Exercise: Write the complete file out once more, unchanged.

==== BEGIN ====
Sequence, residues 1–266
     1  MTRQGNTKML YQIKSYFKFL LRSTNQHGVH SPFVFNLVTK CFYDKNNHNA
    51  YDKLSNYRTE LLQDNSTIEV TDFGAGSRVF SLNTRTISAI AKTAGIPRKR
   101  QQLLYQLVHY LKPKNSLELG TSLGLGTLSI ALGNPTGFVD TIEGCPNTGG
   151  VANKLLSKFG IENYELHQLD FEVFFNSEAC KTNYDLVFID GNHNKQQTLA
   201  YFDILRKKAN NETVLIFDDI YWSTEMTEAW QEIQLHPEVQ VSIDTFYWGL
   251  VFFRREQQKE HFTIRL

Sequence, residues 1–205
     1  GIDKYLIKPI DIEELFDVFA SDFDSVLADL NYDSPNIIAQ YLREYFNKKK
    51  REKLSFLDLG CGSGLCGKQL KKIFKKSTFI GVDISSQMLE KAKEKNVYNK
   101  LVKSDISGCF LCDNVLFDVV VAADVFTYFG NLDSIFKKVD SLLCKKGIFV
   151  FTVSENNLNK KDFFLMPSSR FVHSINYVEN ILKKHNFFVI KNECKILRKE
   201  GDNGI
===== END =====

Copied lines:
Sequence, residues 1–266
     1  MTRQGNTKML YQIKSYFKFL LRSTNQHGVH SPFVFNLVTK CFYDKNNHNA
    51  YDKLSNYRTE LLQDNSTIEV TDFGAGSRVF SLNTRTISAI AKTAGIPRKR
   101  QQLLYQLVHY LKPKNSLELG TSLGLGTLSI ALGNPTGFVD TIEGCPNTGG
   151  VANKLLSKFG IENYELHQLD FEVFFNSEAC KTNYDLVFID GNHNKQQTLA
   201  YFDILRKKAN NETVLIFDDI YWSTEMTEAW QEIQLHPEVQ VSIDTFYWGL
   251  VFFRREQQKE HFTIRL

Sequence, residues 1–205
     1  GIDKYLIKPI DIEELFDVFA SDFDSVLADL NYDSPNIIAQ YLREYFNKKK
    51  REKLSFLDLG CGSGLCGKQL KKIFKKSTFI GVDISSQMLE KAKEKNVYNK
   101  LVKSDISGCF LCDNVLFDVV VAADVFTYFG NLDSIFKKVD SLLCKKGIFV
   151  FTVSENNLNK KDFFLMPSSR FVHSINYVEN ILKKHNFFVI KNECKILRKE
   201  GDNGI